So what do you say? Any interest? Take the survey below and let me know.

Create your free online surveys with SurveyMonkey, the world’s leading questionnaire tool.

Alfresco Developer Guide source updated, uploaded to Google Code

Back in July of 2009, I did a reorg of the source code that accompanies the Alfresco Developer Guide. Shortly after that I validated against 3.2 Enterprise, but I didn’t keep up with the Alfresco releases after that. I’m happy to say that I’ve caught up. And, to make it easier for you to get to the source code, I’ve checked it all in to a Google Code project.

So, if you’re reading the book and you’re finding a couple of problems with the source code on Alfresco versions after 3.2 Enterprise, go get a version that matches up with the chapter you are on and the release of Alfresco you are running, and see if it fixes the problem.

I’ve now validated that the code works with the following versions:

  • Alfresco 2.2.4 Enterprise
  • Alfresco 3d Labs
  • Alfresco 3.0.1 Enterprise
  • Alfresco 3.1.1 Enterprise
  • Alfresco 3.2 Community
  • Alfresco 3.2 Enterprise
  • Alfresco 3.3 Community
  • Alfresco 3.3 Enterprise
  • Alfresco 3.4c Community
  • Alfresco 3.4 Enterprise

Packt Author of the Year Award

I mentioned it on Twitter yesterday but I definitely wanted to spend more than 140 characters saying thanks. If you missed the tweet, what I’m talking about is that Packt announced that I won the Author of the Year Award for the Alfresco Developer Guide.

Earlier this year they had a nomination process which resulted in readers choosing me as a finalist. Getting that far was really cool and I definitely want to say thanks to the readers of the book and the blog for making that happen.

The next step was a round of judging. This took a while and I can’t imagine the process whereby you get a panel of judges, with different backgrounds and full-time jobs (I assume) to look at six technical books that cover a wide range of topics (Alfresco, Drupal, Ext JS, JavaScript, and SOA) and subsequently make sense of the feedback. Definitely a big thanks to Packt and the panel of judges who worked hard to make this happen.

The book was certainly a team effort. I had a great team of technical reviewers, and they were instrumental. I think it’s also important to recognize my firm, Optaros, because the project couldn’t have happened without their support and encouragement. The entire Alfresco team also got behind it in one way or another and that was important to the success as well.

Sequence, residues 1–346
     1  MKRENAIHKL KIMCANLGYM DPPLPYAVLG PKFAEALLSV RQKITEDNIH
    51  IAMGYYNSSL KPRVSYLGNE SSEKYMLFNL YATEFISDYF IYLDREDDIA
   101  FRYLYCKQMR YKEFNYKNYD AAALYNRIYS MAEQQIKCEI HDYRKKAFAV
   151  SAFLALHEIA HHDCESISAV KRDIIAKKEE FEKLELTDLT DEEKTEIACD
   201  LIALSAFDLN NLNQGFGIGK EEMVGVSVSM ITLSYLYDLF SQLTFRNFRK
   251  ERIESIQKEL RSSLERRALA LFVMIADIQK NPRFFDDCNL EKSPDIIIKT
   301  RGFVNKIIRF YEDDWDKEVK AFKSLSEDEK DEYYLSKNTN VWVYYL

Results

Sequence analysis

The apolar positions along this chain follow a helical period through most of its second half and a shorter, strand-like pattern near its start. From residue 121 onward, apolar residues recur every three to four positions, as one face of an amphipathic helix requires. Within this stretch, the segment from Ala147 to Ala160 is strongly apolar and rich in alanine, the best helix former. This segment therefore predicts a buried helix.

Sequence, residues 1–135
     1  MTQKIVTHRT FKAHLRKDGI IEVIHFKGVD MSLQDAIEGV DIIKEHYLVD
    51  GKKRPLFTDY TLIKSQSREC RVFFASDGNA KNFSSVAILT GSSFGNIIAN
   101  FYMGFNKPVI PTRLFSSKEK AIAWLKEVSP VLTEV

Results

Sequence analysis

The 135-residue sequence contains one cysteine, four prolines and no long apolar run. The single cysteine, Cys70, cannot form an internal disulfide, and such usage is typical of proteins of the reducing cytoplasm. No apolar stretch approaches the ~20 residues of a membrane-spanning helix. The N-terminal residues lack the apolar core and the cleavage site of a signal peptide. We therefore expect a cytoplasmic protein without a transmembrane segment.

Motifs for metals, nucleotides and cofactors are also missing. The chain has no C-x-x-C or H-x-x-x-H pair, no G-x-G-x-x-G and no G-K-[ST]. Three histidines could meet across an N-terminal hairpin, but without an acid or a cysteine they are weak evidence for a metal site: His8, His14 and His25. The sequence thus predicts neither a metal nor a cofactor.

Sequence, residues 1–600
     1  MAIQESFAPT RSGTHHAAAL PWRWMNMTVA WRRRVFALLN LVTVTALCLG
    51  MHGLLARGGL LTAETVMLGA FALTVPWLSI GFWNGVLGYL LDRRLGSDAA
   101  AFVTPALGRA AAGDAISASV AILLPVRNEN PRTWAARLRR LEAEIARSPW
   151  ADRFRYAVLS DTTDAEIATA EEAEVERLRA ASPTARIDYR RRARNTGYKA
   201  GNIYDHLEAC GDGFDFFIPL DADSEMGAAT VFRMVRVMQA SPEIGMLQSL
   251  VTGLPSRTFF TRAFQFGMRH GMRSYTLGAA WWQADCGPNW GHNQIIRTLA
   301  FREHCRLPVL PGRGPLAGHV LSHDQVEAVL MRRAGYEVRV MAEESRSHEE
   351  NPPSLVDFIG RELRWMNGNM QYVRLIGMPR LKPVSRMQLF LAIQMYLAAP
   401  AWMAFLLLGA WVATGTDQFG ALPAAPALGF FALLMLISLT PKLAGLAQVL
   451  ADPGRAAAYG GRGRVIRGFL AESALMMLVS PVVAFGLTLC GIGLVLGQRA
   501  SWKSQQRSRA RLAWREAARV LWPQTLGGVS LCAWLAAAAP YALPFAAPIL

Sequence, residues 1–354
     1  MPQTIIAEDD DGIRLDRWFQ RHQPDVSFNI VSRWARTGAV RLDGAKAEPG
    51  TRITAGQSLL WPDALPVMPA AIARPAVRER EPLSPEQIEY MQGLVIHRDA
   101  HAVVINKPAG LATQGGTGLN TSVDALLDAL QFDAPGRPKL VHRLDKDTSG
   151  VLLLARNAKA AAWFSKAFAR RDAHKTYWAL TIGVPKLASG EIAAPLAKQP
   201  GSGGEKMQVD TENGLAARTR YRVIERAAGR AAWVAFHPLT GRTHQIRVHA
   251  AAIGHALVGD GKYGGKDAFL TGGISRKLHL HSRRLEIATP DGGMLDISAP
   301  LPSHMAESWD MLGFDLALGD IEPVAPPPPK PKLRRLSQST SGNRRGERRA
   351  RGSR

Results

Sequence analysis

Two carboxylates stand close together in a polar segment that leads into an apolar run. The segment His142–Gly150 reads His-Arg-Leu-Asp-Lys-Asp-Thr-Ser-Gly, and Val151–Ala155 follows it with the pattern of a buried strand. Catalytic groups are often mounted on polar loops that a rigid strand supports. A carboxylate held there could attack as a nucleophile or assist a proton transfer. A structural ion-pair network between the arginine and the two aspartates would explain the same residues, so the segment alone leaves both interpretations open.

Alright, enough said. I’ll quit before I start working my way down the family tree. Maybe Twitter’s length restriction really is the best thing for an acceptance speech. Thanks, again, to everyone involved!

Alfresco Developer Guide source reorg and 3.2 Community update

[UPDATE: Added a link to the source code that works with 3.2 Enterprise]

I originally wrote the Alfresco Developer Guide source code for Alfresco 2.2 Enterprise and Alfresco 3 Labs. The code was pretty much the same regardless of which one you were running. For things that did happen to be different, I handled those with separate projects: one for community-specific stuff and one for enterprise-specific stuff. This was pretty much limited to minor web script differences for the “client extensions” projects and LDAP configuration differences for the “server extension” project.

With the release of 3.2 Community, I realized:

  • The number of different flavors of Alfresco any given reader might be running are going up, not down. Who knows when 2.2 Enterprise will be sunset.
  • It is no longer as easy as “Enterprise” versus “Labs/Community” because multiple releases of the same flavor are prevalent (2.2E, 3.0E, and 3.1E, for example).
  • Tagging my code in Subversion by Chapter alone is no longer enough–I need to tag by Chapter and by Alfresco version.
  • Sending the publisher the code one chapter at-a-time and expecting them to manage updates and deciding how to organize all of the chapter code was a bad idea.

So, I’ve done some work to make this better (reorg the projects, restructure the download files). I’ve also tested the example code from each chapter against the latest service packs for all releases since 2.2 Enterprise. That includes making some small updates to get the examples running on 3.2 Community.